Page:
Monticello students and staff will experience a more compressed school year in 2020-21 in order to accommodate the district’s upcoming building project at the high school/Washington Elementary campus.

The project timeline eyes several renovation-related items for the summer of 2020, so the district will end the 2019-20 school year about three days early and not see classes pick up again until Sept. 1, about 10 days later than the typical school year start. This year the first day of student attendance was Aug. 22.

Adjustments for 2020-21 include a shorter Christmas break, three days off at spring instead of a full week, and students attending on Columbus Day and Martin Luther King, Jr.’s birthday, holidays that have traditionally been days off.

Superintendent Vic Zimmerman said the adjustments will allow contractors more time for tasks that need to be done without students present.

"This would be a one-time situation with our calendar because of the facility project," said Zimmerman at the Dec. 19 school board meeting. "We wanted to extend the summer of 2020 to be as long as we could possibly make it."

Portions of the estimated $33.2 million project that are slated for that summer include window replacements, converting some existing classrooms into high school office space, the addition of some walls at existing Washington Elementary and other renovation items at both schools.

The 2020-21 school year will see students start on Sept. 1 and the year end on May 28 if no snow days are used. Christmas break will be from Dec. 24 through Jan. 1 and spring break March 16-20.

Calendar approval was tentative, as the state has indicated it may require the addition of another instructional day for Illinois school districts.

For next fall (2019-20), the calendar will see school start earlier with students reporting on Aug. 16. That adjustment is being made so that classes can conclude earlier in anticipation of the long summer in 2020.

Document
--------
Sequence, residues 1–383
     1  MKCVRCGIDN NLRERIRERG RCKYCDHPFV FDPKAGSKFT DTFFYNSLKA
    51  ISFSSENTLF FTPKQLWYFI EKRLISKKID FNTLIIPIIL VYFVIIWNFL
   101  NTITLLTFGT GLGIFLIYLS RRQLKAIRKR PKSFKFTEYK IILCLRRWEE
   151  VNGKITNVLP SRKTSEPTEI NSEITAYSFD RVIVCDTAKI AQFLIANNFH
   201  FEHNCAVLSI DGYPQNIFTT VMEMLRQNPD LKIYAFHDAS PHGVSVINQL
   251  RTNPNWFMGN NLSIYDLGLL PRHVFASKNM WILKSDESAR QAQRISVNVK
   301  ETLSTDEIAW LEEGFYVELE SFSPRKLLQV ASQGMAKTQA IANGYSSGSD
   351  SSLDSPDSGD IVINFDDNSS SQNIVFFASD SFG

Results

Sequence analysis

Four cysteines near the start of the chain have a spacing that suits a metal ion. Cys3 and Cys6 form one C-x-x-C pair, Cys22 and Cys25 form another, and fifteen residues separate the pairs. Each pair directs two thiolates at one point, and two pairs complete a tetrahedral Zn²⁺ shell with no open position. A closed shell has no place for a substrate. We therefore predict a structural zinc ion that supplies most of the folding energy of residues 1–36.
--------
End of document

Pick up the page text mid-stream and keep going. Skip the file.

Project adjustments

About $440,000 of the nearly $5 million in items trimmed at a meeting a week earlier were put back into the building project on Dec. 19, thanks to a revised savings estimate supplied by architects and project managers. In cutting a portion of a plan to convert the high school from steam to hot water heat, about $1.3 million will be saved, about $900,000 more than previous estimates.

The largest item that is back in is $374,000 for a hallway and storage space in the new gymnasium that had been tentatively cut from the plan.

Zimmerman noted it was a lot of dollars for non-program space, but said it could not be an alternate bid, "so that’s why we have to decide."

The hallway would separate the gym from the locker rooms, increasing privacy, while adding back in a storage room and expanding the storm shelter capacity from 450 to 600 people.

"It is a lot of money for what it is, but it’s just square footage we’ll never get back," said board president Gary Huisinga.

Board member Zach Hillard was also hesitant, but also saw the value of the hallway and storage.

"I would much rather put the square footage back in more program space, but I understand how it would be nice to have, too," he said.

Sarah Ross noted that, should an alternate bid for multipurpose rooms in the gym become a reality, "we’re going to regret not having that storage space."

With that in mind it was placed back in the building program. Also taken off the cut list were three large windows for the north side of the media center (estimated $21,000), painting the lockers in the existing Washington wing ($4,360) and bumping the square footage of new Washington classrooms back up to the original plan of 825 square feet each ($33,785).

Project bids, expected to be received in late March or early April, will also include nine alternates that can be included if the budget allows. Those include an asphalt overlay of the parking lot to the south of the schools, adding a balcony to the high school theater, expanded casework for the new high school science labs, more door replacement in renovated areas, sinks for all new Washington classrooms, new gym multipurpose rooms, a canopy for the outside of the new gym, expanding high school window replacement, and bidding out an additional HVAC controls vendor.

There are two items that will be in the base bid but could be deducted if the bid is over budget: A new high school entry element and an upgrade to the existing fire alarm system.